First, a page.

Game Development Reference
In-Depth Information
We can make it easier to manage these long-term forces by creating a registry.
A force registers itself with a particle and then will be asked to provide a force at each
frame. I call these “force generators.”
We have a mechanism for applying multiple forces to an object. We now need to work
out where these forces come from. The force of gravity is fairly intuitive: it is always
present for all objects in the game.
Some forces arise because of the behavior of an object—a dedicated drag force,
for example. Other forces are a consequence of the environment that an object finds
itself in: a buoyancy force for a floating object and the blast force from an explosion
are examples. Still other types of force are a result of the way objects are connected to-
gether; we will look at forces that behave like springs in the next chapter. Finally there
are forces that exist because the player (or an AI-controlled character) has requested
them: the acceleration force in a car or the thrust from a jetpack, for example.
Another complication is the dynamic nature of some forces. The force of gravity
is easy because it is always constant. We can calculate it once and leave it set for the
rest of the game. Most other forces are constantly changing. Some change as a result
of the position or velocity of an object: drag is stronger at higher speeds, and a spring's
force is greater the more it is compressed. Others change because of external factors:
an explosion dissipates, or a player's jetpack burst will come to a sudden end when he
releases the thrust button.
We need to be able to deal with a range of different forces with very different
mechanics for their calculation. Some might be constant, others might apply some
function to the current properties of the object (such as position and velocity), some
might require user input, and others might be time based.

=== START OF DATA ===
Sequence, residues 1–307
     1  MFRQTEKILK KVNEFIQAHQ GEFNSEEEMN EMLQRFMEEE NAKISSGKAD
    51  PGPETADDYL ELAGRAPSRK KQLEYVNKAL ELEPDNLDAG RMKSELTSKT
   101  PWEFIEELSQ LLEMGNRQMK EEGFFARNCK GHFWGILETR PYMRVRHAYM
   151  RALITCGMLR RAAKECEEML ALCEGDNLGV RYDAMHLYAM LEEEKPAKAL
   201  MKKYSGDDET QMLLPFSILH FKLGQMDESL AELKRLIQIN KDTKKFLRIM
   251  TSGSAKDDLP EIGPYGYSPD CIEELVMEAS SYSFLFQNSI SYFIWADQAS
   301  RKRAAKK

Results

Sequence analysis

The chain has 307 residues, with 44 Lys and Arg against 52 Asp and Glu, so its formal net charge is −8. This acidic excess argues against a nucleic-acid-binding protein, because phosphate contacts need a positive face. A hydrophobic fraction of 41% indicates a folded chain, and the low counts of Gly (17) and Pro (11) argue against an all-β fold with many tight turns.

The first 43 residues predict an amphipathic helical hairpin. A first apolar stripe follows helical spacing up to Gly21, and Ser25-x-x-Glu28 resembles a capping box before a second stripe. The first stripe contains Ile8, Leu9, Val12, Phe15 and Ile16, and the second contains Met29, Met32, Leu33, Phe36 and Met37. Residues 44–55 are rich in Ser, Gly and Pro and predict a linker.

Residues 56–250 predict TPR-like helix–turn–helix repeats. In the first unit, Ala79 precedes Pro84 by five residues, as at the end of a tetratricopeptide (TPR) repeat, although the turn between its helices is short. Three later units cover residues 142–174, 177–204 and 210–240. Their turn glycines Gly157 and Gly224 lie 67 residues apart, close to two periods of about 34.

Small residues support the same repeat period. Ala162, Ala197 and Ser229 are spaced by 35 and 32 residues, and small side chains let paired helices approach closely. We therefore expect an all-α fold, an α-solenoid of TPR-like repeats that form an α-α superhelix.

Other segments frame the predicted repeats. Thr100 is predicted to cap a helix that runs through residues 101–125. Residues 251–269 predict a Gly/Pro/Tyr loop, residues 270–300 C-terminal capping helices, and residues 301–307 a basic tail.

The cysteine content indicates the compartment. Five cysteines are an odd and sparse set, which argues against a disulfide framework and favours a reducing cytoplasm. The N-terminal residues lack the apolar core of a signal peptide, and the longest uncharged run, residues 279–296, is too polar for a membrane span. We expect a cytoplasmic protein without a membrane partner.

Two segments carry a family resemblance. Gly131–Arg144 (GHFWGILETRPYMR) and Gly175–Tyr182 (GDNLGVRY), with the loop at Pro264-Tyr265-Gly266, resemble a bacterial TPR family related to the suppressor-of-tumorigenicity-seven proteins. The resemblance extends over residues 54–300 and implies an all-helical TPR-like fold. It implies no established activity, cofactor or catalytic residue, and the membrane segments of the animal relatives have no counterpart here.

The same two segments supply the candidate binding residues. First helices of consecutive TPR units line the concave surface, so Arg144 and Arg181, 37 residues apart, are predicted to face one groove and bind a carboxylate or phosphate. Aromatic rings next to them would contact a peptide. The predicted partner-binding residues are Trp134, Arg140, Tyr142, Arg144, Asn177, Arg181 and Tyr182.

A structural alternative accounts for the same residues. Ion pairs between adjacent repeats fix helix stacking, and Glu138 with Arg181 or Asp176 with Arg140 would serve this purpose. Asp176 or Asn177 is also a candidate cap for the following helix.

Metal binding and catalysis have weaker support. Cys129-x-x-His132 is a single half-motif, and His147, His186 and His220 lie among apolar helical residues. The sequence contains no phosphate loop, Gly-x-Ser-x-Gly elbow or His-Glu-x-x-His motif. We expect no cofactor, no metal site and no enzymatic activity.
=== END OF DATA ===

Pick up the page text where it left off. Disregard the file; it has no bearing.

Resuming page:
If we simply programmed all these types of force into the physics engine, and set
parameters to mix and match them for each object, the code would rapidly become
unmanageable. Ideally we would like to be able to abstract away the details of how a
force is calculated and allow the physics engine to simply work with forces in general.
This would allow us to apply any number of forces to an object, without the object
knowing the details of how those forces are calculated.
I will do this through a structure called a “force generator.” There can be as many
different types of force generator as there are types of force, but each object doesn't
need to know how a generator works. The object simply uses a consistent interface to
find the force associated with each generator: these forces can then be accumulated
and applied in the integration step. This allows us to apply any number of forces, of
any type we choose, to the object. It also allows us to create new types of force for
new games or levels, as we need to, without having to rewrite any code in the physics
Not every physics engine has the concept of force generators: many require hand-
written code to add forces or else limit the possible forces to a handful of common
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